UW regents wise to call for funding reform

The Board of Regents made the declaration as it boosted tuition another 16 percent on Thursday.

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The University of Washington is raising tuition another 16 percent this fall, bringing the total tuition increase over the past four years to 60 percent.

This is unacceptable and unaffordable. These annual double-digit increases can't be sustained.

And while we believe this to be true, the outrage is not ours alone. The latest condemnation of higher education funding comes from the University of Washington's Board of Regents.

The board essentially denounced its own decision to boost tuition 16 percent on Thursday while declaring a need to change the state's funding structure to keep the cost of higher education affordable for families.

The 10-member board, chaired by Kristianne Blake, issued a declaration stating the erosion of state funding has "radically and unduly shifted the burden of financing the higher-education system to students, who increasingly accomplish this by incurring family and personal debt."

Blake and board member Craig Cole told The Seattle Times the board is concerned that any further erosion of state funds will cause a measurable decline in the school's quality.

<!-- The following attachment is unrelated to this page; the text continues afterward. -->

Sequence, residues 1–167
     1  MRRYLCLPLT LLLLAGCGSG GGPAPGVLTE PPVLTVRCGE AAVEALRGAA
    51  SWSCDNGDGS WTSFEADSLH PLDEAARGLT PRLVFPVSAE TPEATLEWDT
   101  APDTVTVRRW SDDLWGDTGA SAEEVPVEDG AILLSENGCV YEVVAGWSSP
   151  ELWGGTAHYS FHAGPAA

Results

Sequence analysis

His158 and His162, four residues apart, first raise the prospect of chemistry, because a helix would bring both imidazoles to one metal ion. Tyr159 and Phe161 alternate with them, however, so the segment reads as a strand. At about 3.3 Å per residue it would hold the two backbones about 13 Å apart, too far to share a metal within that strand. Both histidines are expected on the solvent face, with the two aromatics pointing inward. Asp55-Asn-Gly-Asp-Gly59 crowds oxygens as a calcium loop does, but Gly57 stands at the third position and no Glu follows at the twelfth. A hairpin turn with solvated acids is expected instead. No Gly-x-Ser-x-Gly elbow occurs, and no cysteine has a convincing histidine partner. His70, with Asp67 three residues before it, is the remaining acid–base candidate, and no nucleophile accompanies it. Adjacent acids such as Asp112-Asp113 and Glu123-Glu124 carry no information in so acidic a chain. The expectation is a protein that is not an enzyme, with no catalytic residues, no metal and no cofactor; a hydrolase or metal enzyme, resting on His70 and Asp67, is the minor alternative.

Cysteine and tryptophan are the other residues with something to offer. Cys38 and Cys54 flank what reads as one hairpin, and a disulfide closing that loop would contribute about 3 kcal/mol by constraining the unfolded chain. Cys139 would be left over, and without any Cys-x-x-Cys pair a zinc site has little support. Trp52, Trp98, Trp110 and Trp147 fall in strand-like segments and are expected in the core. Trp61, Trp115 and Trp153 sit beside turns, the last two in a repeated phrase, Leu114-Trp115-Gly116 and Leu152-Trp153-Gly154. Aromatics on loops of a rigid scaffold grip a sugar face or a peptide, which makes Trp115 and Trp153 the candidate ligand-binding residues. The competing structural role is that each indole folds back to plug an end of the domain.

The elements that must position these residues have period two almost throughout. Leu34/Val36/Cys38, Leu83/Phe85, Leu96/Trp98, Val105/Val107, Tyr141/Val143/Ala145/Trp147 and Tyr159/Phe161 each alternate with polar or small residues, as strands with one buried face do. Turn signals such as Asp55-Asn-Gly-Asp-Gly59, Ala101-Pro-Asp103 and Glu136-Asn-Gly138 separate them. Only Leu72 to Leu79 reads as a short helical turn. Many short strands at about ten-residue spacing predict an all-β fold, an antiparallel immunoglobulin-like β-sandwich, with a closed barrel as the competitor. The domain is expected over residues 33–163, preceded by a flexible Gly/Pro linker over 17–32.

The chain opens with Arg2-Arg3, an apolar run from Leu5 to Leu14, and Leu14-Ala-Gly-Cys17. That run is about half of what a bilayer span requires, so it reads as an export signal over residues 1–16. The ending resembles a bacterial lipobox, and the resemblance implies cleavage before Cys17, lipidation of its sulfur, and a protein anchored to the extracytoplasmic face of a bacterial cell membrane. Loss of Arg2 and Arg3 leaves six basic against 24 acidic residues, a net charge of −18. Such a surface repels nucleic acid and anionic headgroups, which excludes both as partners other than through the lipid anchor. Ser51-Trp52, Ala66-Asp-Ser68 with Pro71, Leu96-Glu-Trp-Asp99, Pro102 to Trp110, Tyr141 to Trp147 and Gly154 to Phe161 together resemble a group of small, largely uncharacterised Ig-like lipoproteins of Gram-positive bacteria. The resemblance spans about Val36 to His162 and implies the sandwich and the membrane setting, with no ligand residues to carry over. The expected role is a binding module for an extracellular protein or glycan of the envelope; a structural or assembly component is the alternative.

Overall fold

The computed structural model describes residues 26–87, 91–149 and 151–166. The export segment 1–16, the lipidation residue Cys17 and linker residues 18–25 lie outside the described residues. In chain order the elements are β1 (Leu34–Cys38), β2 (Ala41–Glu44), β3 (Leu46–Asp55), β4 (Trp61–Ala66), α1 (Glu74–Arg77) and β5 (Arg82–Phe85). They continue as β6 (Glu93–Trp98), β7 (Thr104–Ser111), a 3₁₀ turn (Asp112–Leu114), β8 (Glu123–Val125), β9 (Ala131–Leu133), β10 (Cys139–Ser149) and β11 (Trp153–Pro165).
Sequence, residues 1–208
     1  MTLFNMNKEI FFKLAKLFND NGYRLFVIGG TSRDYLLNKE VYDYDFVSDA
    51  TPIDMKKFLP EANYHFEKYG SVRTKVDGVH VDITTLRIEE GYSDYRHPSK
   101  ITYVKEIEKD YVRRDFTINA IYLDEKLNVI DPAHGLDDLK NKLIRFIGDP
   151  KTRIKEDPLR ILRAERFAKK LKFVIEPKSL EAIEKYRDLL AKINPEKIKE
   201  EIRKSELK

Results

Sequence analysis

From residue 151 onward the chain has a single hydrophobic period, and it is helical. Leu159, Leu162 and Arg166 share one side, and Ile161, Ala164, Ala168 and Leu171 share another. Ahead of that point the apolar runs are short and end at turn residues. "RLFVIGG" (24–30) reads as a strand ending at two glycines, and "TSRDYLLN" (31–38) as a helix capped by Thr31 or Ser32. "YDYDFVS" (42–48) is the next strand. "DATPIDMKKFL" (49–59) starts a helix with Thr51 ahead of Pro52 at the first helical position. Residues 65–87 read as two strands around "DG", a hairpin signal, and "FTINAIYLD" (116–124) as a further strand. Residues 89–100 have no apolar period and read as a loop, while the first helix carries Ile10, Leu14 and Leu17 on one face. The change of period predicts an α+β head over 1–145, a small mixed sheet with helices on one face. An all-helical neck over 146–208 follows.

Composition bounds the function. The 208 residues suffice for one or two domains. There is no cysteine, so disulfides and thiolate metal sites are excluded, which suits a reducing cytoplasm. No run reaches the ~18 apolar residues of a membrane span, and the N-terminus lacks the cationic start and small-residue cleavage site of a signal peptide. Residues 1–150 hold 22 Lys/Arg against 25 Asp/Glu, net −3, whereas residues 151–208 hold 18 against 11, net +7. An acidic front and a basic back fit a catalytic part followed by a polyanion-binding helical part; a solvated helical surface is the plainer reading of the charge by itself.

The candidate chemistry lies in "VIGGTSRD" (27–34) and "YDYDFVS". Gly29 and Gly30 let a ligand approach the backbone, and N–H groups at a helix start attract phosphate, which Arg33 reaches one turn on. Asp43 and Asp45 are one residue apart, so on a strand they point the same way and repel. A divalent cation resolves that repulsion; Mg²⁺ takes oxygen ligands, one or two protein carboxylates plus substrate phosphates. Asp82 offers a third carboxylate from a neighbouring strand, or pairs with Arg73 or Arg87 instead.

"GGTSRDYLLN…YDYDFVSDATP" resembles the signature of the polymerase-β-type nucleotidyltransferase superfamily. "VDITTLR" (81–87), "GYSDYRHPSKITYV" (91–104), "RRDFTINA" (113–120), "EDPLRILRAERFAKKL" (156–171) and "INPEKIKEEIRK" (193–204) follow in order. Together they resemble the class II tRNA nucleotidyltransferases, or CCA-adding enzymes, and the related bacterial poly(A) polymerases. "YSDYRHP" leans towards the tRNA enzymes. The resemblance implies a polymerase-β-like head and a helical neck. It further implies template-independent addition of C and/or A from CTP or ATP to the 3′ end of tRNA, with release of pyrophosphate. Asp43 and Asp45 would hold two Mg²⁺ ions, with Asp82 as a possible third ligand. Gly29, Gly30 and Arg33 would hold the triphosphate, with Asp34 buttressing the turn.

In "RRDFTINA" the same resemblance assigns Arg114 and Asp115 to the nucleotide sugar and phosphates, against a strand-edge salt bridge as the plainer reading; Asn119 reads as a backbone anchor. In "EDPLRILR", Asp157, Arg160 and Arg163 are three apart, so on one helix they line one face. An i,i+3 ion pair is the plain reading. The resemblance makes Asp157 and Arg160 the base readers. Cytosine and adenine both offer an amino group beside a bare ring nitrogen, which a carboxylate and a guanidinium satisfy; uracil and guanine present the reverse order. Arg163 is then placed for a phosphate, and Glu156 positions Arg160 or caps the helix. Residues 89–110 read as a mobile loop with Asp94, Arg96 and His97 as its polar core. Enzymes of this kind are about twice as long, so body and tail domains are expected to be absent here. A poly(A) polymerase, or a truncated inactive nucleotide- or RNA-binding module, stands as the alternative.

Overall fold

The UW regents, like the regents and trustes at other state-run universities and colleges, have had no choice but to raise tuition as the Legislature dramatically reduced taxpayer subsidies for higher education. Even with the additional tuition revenue the UW has not been able to give its faculty a pay raise in the past four years.

Less than a decade ago 80 percent of the cost of an education at the UW was subsidized by the state. Today it is a mere 30 percent -- and shrinking.

Taxpayers have long subsidized higher education so that it is affordable to all who are qualified, not just the rich.

In the 1991-93 state budget, the Legislature allocated $1.4 billion for higher education. In the current two-year budget the total targeted for higher education is $980 million. That means a decade ago higher education represented 9 percent of the overall state budget. Today, it's a mere 3 percent of state spending.

The huge increase in tuition has caused personal stress and financial strain for middle-class families across the state. It's making college unaffordable for some and creating mountains of debt for others.

This can't continue without crippling higher education and, ultimately, the state's economy.

Lawmakers must establish a dedicated source for subsidizing higher education. The UW Board of Regents should be commended for forcefully calling out the Legislature on this critical matter.

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